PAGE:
• Philpott calls emergency meeting with provinces on Indigenous child welfare

    “To me, this is arguably the most pressing priority of my new department,” Philpott said in an interview. There is no cohesive plan to examine how to get children back into Indigenous communities, she said, suggesting it is necessary to get everyone together who has a role to play, including First Nations, Metis and Inuit leaders, child and family services agencies and groups such as the First Nations Child and Family Caring Society.

  • Ontario takes an important step toward a fairer bail system

    The key point in the new policy is that accused persons should not have to provide a surety, except in exceptional circumstances, in order to be released… Ontario has opened “bail beds” in halfway houses. People can be sent there, instead of to jail, if they are homeless… Jails were created for those convicted of crimes. The new bail policy will go a long way to ensure that Ontario’s prisons stop being used as expensive warehouses for the disadvantaged, the racialized, Indigenous peoples, and the mentally ill.

  • Chief Justice Beverley McLachlin on sex assault cases: ‘No one has the right to a particular verdict’

    … while the system seems focused on the accused, “complainants and victims are also part of the process,” and the integrity of the system demands that they be taken seriously and that their interests be reconciled with the rights of the accused… The justice system can achieve a “fine but crucial balance” between protecting the right of the accused and the dignity of complainants, but “we must not divide ourselves into warring camps shouting at each other…

  • Ontario’s Early Years Centres opening 100 new locations, will be rebranded

    The province on Tuesday announced that it will be opening the new “EarlyON” sites over the next three years, and renaming existing sites, spending $140 million a year. Like the current Ontario Early Years parenting and literacy centres — which can be located in local schools — families will be able to access programs for young children and parenting supports… “Our new EarlyON centres will be innovative hubs for early years programs and services for families”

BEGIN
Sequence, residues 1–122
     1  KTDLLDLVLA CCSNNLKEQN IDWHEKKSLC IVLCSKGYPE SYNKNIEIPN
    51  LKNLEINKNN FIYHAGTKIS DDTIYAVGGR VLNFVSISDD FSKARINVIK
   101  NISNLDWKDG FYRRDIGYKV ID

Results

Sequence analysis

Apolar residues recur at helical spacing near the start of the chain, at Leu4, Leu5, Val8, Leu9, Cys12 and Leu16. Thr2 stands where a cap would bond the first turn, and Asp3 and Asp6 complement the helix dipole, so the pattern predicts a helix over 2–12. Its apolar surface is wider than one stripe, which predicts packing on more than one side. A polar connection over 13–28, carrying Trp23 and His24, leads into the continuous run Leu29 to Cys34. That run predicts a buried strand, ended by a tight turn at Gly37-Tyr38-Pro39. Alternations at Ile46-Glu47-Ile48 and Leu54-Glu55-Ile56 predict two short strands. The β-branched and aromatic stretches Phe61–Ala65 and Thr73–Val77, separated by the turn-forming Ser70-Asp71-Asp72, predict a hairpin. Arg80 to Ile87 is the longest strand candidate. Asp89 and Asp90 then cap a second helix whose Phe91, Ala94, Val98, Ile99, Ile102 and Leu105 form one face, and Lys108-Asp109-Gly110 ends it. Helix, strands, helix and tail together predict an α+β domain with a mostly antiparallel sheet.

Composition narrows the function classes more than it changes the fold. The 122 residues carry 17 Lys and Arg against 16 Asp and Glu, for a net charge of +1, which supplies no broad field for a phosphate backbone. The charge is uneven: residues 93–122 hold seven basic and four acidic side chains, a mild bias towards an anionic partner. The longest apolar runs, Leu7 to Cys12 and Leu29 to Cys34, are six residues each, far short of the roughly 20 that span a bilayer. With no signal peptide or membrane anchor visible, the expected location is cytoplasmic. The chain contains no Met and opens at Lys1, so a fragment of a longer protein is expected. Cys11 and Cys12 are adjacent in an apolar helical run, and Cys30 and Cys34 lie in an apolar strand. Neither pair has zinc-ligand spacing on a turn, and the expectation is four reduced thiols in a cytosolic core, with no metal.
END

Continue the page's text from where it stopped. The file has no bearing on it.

• Ontario’s jails can’t even count their dead, review finds

    “If the purpose of corrections is to contribute to a peaceful and just society by assisting those in conflict with the law to learn to live within it, then the work of corrections must be done in a way that models ethical, legal and fair behaviour,” Sapers says. Ontario’s corrections work doesn’t. It models slop, neglect and randomness.

  • Top court’s time-limits ruling has hit legal aid hard, lawyers say

    Provinces have mostly ignored legal aid as they increase resources to meet strict time limits imposed in a landmark Supreme Court of Canada ruling, the head of the Criminal Lawyers Association says… You can have all the judges in the world, you can have all the prosecutors in the world. But if you don’t have defence counsel that are properly trained, properly skilled, those cases are not going to run smoothly.”

  • How to overhaul child care in Ontario: A road map for revolution

    This child-care institution needs a tear down, not a renovation. With wait-lists, poorly compensated early childhood educators, a separate market of unlicensed child-care operators and parents who either essentially work to pay daycare bills or put careers on hold to stay home and look after their children becoming part of the rule, not the exception, it’s clear several structural problems plague the current system.

  • Full-day kindergarten works, and should be extended across the country

    … two-year, full-day kindergarten are well-worth the initial investment. Here’s why: First, it found children in the two-year, full-day learning program scored higher on reading, writing and number knowledge than those in a half-day program, and remained ahead until the end of Grade 2. Second, the children also scored higher on self-regulation… “Existing research shows that self-control, an aspect of self-regulation, predicts long-term health, wealth and even a reduction in crime.”

  • Elizabeth Wettlaufer murder inquiry must confront struggling long-term care system

    The key reason why no one suspected foul play, I suspect, is that nursing home patients are expected to die… The government’s political aim is to get eligible seniors off the waiting list and into long-term care beds as quickly as possible without spending too much… nursing homes face no financial loss if a resident dies. There are always people anxious to fill the beds of those who pass on… neither has a material incentive to look too closely if seemingly natural deaths do occur.

  • In cases of sexual violence, justice can come from outside the courts

    The evidence is clear. Many survivors of sexual violence experience the criminal justice system — with the intense public scrutiny and victim blaming that often come with it — as causing them further trauma…. Given the limitations of the system, survivors should be given access to meaningful alternatives to criminal justice so they can make an informed choice about which process is right for them. One option is “restorative justice,” which is increasingly being offered in sexual violence cases across the country.